Welcome, ladies and djentlemen (excuse the bad, BAD pun), to the fourteenth episode of A Scene In Retrospect! This time around, our social media manager Valentin (he seems to be in every one of these articles these days, doesn’t he?), our Editor-in-Chief Landon and our staff writers Sam and Michael give their two cents on one of the most important releases of the djent scene to date: The Discovery by Born of Osiris. Enjoy!
2011 was one of the best years for metal albums in recent memory; August Burns Red, The Black Dahlia Murder, Mastodon, Protest the Hero, Suicide Silence, and Vildjharta (just to name a few) all had great releases that year. However, I think the most rewarding takeaway from 2011 was Born of Osiris‘ The Discovery. Already being one of the bands that helped shape modern deathcore and progressive metalcore with The New Reign and A Higher Place, I thought I knew what to expect from their third album. Boy was I wrong.
Undoubtedly the most ambitious record in their discography, The Discovery is more creative and stands alone – as a dividing line – between their first two and most recent two albums. The first noticeable change was the switch to seven-string guitars. Guitarists Lee Mckinney (whose skill increased exponentially from A Higher Place) and Jason Richardson utilize this addition in range perfectly in the songwriting, not bludgeoning the listener with the the low-end just because it is available. In fact, The Discovery is overall the most melodic and mellow album in their discography, and, more so than the previous two albums, achieves the celestial/shamanistic/higher consciousness vibe that BoO strive for.
Song composition is another huge reason that The Discovery stands out from the other four. I loved The New Reign and A Higher Place the moment I heard them, but my main complaint about Born of Osiris was their frenetic and ADD song writing. By the time you could start grooving to an awesome riff (of which there are many), the song would change into a different one. The tracks on The Discovery run a bit longer, and it seems like there was more care and thought put into the songwriting process. Longer sections, more solos and technically proficient leads, as well as more tempo variations – which include an increase in slower interlude type moments – really helped shape this release’s identity as a progressive metalcore entry.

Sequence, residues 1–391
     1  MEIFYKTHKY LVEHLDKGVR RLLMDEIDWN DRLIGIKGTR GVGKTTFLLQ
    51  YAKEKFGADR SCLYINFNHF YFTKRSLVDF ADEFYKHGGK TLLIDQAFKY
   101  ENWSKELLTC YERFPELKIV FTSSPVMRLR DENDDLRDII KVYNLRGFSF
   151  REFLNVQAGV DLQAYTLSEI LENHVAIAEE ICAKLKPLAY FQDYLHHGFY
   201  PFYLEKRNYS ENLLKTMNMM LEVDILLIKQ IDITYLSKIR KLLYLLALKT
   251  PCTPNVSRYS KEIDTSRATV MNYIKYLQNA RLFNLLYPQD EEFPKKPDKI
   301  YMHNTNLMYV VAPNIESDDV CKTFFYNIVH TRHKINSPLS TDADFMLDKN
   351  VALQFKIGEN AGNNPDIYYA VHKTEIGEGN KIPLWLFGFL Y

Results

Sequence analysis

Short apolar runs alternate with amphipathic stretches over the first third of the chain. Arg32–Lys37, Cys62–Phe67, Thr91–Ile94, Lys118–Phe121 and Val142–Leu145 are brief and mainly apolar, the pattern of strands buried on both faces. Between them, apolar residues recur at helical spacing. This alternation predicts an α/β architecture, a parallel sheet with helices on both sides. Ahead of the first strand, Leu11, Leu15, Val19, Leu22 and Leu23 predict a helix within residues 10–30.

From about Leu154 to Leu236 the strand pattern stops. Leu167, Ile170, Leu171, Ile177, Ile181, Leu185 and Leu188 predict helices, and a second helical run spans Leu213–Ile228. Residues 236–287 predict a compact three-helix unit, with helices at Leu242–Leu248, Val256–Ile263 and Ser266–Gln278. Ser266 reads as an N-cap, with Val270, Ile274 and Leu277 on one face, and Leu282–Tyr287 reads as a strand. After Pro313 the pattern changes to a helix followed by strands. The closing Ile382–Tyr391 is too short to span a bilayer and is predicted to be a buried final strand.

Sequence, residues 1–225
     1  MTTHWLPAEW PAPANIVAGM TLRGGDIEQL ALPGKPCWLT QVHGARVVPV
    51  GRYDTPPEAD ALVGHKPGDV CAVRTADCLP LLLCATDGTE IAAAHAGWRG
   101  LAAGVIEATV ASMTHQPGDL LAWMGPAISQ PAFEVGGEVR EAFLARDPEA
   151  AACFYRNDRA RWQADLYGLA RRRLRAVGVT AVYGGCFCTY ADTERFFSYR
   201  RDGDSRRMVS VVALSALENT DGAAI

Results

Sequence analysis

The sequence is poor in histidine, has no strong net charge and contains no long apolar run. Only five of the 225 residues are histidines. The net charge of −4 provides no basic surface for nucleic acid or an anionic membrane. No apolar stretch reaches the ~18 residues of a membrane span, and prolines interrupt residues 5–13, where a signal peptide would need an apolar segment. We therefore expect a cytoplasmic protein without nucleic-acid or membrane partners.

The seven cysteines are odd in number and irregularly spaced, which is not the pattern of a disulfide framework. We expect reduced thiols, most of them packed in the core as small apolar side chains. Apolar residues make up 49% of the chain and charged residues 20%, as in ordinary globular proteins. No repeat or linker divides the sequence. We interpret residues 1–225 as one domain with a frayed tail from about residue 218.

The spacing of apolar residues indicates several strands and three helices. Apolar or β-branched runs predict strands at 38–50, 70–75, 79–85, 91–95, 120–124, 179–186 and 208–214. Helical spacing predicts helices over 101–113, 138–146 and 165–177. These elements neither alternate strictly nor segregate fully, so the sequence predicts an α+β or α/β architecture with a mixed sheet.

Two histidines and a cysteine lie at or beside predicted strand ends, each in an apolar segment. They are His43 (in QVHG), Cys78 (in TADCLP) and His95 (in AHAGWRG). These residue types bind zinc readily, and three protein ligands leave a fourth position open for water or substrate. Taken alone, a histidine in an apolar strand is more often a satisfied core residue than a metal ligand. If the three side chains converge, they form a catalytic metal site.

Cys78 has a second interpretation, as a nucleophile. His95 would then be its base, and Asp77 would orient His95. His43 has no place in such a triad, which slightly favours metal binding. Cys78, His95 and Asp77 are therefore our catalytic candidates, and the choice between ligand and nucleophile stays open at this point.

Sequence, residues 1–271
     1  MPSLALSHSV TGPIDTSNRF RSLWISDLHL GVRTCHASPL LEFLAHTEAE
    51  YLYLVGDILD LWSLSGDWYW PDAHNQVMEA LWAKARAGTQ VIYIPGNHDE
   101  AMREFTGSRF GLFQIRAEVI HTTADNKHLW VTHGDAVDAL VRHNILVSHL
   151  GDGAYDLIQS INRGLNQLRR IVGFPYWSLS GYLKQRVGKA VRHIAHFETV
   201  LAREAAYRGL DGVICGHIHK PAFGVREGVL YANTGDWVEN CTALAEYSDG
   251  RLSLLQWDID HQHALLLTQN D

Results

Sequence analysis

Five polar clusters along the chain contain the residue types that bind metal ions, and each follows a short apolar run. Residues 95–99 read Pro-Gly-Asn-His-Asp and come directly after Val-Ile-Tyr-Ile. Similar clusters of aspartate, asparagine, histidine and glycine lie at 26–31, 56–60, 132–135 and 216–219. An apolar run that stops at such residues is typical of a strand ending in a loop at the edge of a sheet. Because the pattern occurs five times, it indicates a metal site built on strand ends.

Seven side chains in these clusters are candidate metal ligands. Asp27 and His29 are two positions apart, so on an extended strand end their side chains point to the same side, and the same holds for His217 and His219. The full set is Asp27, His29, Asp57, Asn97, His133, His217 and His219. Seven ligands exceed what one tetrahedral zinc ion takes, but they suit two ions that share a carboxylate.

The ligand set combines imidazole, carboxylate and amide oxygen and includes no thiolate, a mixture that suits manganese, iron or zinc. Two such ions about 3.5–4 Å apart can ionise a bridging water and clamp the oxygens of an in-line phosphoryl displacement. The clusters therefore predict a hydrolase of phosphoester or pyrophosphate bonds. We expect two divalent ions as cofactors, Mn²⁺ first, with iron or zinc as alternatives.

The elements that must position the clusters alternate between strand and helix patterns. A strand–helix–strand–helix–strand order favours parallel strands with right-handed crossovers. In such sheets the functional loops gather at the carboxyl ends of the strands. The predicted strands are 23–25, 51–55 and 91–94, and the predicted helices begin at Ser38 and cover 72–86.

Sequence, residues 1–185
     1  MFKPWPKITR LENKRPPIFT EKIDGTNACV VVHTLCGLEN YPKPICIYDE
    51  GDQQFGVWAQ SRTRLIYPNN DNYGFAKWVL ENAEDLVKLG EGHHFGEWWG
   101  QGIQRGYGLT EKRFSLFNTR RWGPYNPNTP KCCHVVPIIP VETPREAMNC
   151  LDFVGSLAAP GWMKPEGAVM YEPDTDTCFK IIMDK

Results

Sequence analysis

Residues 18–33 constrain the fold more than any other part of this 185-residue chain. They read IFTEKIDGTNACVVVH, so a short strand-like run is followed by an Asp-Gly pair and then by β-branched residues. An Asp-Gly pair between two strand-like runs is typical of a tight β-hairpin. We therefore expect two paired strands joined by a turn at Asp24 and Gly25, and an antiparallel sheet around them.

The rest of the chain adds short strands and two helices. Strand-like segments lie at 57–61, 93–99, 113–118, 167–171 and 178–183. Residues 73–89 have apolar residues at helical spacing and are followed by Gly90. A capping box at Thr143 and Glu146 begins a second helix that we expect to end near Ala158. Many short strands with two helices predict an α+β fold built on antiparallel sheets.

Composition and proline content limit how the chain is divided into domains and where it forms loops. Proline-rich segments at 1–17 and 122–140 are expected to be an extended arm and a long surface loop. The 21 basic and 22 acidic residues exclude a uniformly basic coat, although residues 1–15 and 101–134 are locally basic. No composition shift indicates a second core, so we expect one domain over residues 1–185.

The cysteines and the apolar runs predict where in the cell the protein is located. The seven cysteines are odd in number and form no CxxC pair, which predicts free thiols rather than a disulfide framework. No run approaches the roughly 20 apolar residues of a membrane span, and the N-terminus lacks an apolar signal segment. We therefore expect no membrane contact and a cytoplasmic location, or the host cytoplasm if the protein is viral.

Vocalists Joe Buras and Ronnie Canizaro, drummer Cameron Losch, and bassist David da Rocha always provide a consistent performance for BoO and really never leave me anything to complain about. So really, The Discovery came down to the songwriting, and it is simply better accomplished here than on the rest of the band’s discography. At the moment, The Discovery is BoO‘s magnum opus. That’s not to say they won’t release another album that amazes in the same way at some point in the future; it just hasn’t happened yet. Too bad a working relationship with Jason Richardson could not continue on to future albums, because I have a feeling that his input in the writing process is a huge reason The Discovery became what it is.
I have been writing for It Djents since about the start of 2016, and I have compared numerous artists I have covered since then to Born of Osiris. Although the progressive deathcore unit has a number of impactful albums in their catalog, the influence that I hear most often can be traced to BoO’s third record, 2011’s The Discovery. From the meticulous, fast lead work to the disjointed chugs and sing-along synths, The Discovery wrote the book on modern progressive deathcore, and few edits have been made since.